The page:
• http://www.linkalchemy.net Asim

        Yea that’s what I figured with building more content on a website, also from my understanding, it helps build a stronger domain authority giving your website more weight and value to the eyes of Google.

        • Anonymous

          Thanks for the comment, Asim! My point with this piece is that there are other, less direct, reasons why content is king.

  • http://twitter.com/jasonkintzler Jason Kintzler

    We created PitchEngine partly for this purpose. The biggest reason we see “content as king” is because humans now play a roll in search. Meaning, because the major search players, like Google, have confirmed that social now plays are part in search rank, content has to be the driver. The better the content (multimedia, conversational, etc.,), the more shares, RTs +1 and likes you’ll get. Obviously this translates to more traffic and authority. The days of “robot news releases” are over!

    Great post!

    • Anonymous

      Thanks for the comment and compliment, Jason! While I think that the impact of social signals have some impact, I still think that physical hyperlinks are the main driver of search results.

  • Anonymous

    Is it not true that Google +1 type citations/endorsements are already affecting the SERPs and one’s entire linkbuilding strategy? So content marketing to an influential person with large network leads to re-shuffled SERPs in your favor for members of the voters’ networks. Bing with Facebook, Google with Twitter and +1. And someday, someone with LinkedIn and/or Quora. The new content marketing may well emphasize social sharing over anchor-texted authority links. Echoing a bit of what Jason said before.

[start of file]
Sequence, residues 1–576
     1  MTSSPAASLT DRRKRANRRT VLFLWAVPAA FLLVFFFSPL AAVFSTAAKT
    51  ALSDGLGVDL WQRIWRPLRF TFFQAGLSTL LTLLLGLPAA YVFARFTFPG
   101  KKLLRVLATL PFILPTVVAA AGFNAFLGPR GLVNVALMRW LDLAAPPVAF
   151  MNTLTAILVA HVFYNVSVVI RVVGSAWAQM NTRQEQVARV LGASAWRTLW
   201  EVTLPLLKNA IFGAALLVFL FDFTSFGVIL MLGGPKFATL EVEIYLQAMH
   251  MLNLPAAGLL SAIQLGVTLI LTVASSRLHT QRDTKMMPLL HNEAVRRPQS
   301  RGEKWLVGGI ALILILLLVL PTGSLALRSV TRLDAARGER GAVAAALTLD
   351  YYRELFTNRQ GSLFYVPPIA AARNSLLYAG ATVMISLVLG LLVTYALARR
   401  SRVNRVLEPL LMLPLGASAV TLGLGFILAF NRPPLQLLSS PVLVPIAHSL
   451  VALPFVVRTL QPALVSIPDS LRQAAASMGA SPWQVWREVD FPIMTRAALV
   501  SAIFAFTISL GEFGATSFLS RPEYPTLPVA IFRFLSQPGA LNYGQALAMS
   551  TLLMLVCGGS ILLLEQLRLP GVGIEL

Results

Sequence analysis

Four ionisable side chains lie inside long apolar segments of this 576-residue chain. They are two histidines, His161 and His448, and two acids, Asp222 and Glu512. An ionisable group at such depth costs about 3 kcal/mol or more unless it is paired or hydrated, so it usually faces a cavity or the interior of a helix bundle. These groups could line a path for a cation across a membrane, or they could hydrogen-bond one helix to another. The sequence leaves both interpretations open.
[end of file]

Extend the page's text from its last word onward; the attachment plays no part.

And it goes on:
• Anonymous

      Thanks for chiming in, Scott! I do think that social signals (as well as local ones) will continue to influence search results, but I don’t see physical hyperlinks (and associated anchor text) as going away anytime soon.

  • Jim

    I’ve come to believe closer to what I think scottclark and jason are saying, namely that social media signals will continue to gain importance (even possibly over links, but that may be a ways away).

    The main reason I’ve come to feel this way is that links can and have been manipulated for years with a new ‘scheme’ every few years (directory stuffing, then robo asking, then buying them . . .) Social media signals are much harder to manipulate (though it can and will be done), especially if the SM signal algorithm is advanced and takes into account many SM channels

    So I agree, content is king and always will be, since good content is the core of a good experience (whether its a 140 character tweet or a 10,000 word blog post). But I think the measurement of what constitutes good content is moving towards what gets shared, liked, +’ed, retweeted, commented on, etc. in addition to just what gets linked to.

    Nice article.

    • Anonymous

      Thanks for the insights, Jim! You’re opinions are always welcome here (no politics please, though, I can’t take the back and forth battles anymore). I do think that social signals are becoming more prominent (not on par with physical hyperlinks yet but who knows what will happen moving forward).
      But regardless of whether the physical link or social vote is the conduit, the key point I wanted to make is that it’s content that facilitates the relationship building (e.g. you can’t link build or attract social votes with stagnant, corporate, or otherwise unremarkable content).